The end came too soon for the Lion of Punjab; while he was lying sick in bed just before he passed away in June 1839 he told his assembled ministers that he would like to gift the Koh-i-Noor to the Jagannathpuri temple in Orissa. There is some mention that he wanted to give the diamond to the Harmandir Sahib at Amritsar. However he did ask for it to be brought to him so he could throw holy water on it, signifying that he had made the behest. Pretending to send for the Kohinoor, his ministers lied to him by saying it was not at Lahore but in the royal treasury at Amritsar. They felt it should be kept at Lahore and passed on to Kanwar Kharak Singh who was the Maharaja’s eldest son and heir.
The Koh-i-Noor remained at the Lahore Durbar treasury and was worn Maharaja Ranjit Singh’s successors; Kharak Singh, Sher Singh and Dalip Singh, in turn. The legend goes that whosoever owns the diamond rules the kingdom; this still holds true, even today, as we can see. After the annexation of the Punjab, this prized stone came under tremendous scrutiny; the major objective being to transport it to England as soon as possible and present it to the Queen. Quite a feather in the cap for the East India Company! Lengthy discussions took place on how exactly it should be presented and by whom. Finally it was decided that the young Dalip Singh as the successor to Maharaja Ranjit Singh would do the honours. In 1851, the 13 year old ex-Maharaja of Punjab was taken from his native land to England and made to hand over this prized heirloom that had been in his family for decades. The Koh-i-Noor was put on display that very same year at the Great Exhibition in London, where it was the highlight of the exposition. Apparently, Queen Victoria’s consort Prince Albert was disappointed with the appearance of the stone and in 1852 ordered it to be recut. For centuries the unusual cut of the Golconda’s distinguished it from other diamonds. Appearing like any other large commercial diamond, now this unique 186 carat jewel retained none its natural characteristics nor shape, as it was drastically reduced to a mere 105 carats; losing 42 per cent of its weight. It was first worn by the Queen as a brooch but later set as the centre piece of the royal crown.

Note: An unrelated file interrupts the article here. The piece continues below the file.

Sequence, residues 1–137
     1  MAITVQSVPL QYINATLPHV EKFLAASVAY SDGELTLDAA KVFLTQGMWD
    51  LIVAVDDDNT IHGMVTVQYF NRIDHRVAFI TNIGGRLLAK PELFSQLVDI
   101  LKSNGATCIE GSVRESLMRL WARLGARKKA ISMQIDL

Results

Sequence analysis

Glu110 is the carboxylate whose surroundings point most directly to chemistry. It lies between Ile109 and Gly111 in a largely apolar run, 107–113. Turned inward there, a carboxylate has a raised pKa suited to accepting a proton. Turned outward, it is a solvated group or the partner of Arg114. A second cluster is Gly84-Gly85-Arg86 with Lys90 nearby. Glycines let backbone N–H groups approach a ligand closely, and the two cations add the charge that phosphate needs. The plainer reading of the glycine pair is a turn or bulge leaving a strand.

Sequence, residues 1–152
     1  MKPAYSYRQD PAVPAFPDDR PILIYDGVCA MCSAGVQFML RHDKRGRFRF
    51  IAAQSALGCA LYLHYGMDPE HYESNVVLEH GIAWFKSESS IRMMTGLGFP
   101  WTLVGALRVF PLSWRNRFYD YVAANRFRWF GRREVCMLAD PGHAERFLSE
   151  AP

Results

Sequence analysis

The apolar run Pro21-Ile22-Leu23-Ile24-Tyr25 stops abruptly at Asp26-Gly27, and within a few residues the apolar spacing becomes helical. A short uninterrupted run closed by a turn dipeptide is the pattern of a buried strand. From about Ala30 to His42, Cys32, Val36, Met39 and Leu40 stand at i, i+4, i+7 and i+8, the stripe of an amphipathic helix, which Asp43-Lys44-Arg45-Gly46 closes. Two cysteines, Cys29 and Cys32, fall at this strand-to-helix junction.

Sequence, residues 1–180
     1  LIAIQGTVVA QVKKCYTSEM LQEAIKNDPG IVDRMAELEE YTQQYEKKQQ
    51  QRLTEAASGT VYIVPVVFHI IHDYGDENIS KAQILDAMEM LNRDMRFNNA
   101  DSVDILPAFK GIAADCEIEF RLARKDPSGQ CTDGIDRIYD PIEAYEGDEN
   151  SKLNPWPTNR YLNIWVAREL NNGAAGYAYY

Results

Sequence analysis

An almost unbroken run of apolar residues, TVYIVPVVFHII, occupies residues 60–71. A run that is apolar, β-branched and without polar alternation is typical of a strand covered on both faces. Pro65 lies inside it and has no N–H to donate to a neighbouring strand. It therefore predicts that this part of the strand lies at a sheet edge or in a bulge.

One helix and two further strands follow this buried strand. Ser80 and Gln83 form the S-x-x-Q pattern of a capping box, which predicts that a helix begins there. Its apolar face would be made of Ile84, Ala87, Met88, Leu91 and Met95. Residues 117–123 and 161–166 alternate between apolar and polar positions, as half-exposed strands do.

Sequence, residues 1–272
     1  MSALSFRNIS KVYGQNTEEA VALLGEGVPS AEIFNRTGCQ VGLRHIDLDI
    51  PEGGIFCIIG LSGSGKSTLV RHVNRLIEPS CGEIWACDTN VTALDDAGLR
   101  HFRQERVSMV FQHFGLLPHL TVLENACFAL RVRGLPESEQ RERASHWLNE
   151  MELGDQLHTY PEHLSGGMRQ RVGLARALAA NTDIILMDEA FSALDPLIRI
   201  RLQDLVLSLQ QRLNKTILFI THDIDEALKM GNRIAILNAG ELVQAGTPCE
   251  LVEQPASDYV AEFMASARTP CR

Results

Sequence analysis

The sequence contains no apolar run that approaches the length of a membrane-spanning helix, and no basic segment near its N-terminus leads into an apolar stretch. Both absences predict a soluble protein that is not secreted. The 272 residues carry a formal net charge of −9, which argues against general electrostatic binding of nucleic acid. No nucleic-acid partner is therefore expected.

The story of the Kohinoor would have taken a dramatic turn if Maharaja Ranjit Singh’s dying wish were carried out. The diamond would not have been a part of the Lahore treasury but kept safely at the Jagannathpuri temple. Any power, foreign or otherwise would have found it impossible to remove it from there. We can however celebrate the fact that over two hundred years ago, a young, diminutive, one eyed, uneducated man, carved out an Empire for the Sikhs. Also, on the 1st June of this present year 2013, Maharaja Ranjit Singh accomplished the inconceivable; to get back to this country one of its most prized treasures - The Koh-i-Noor.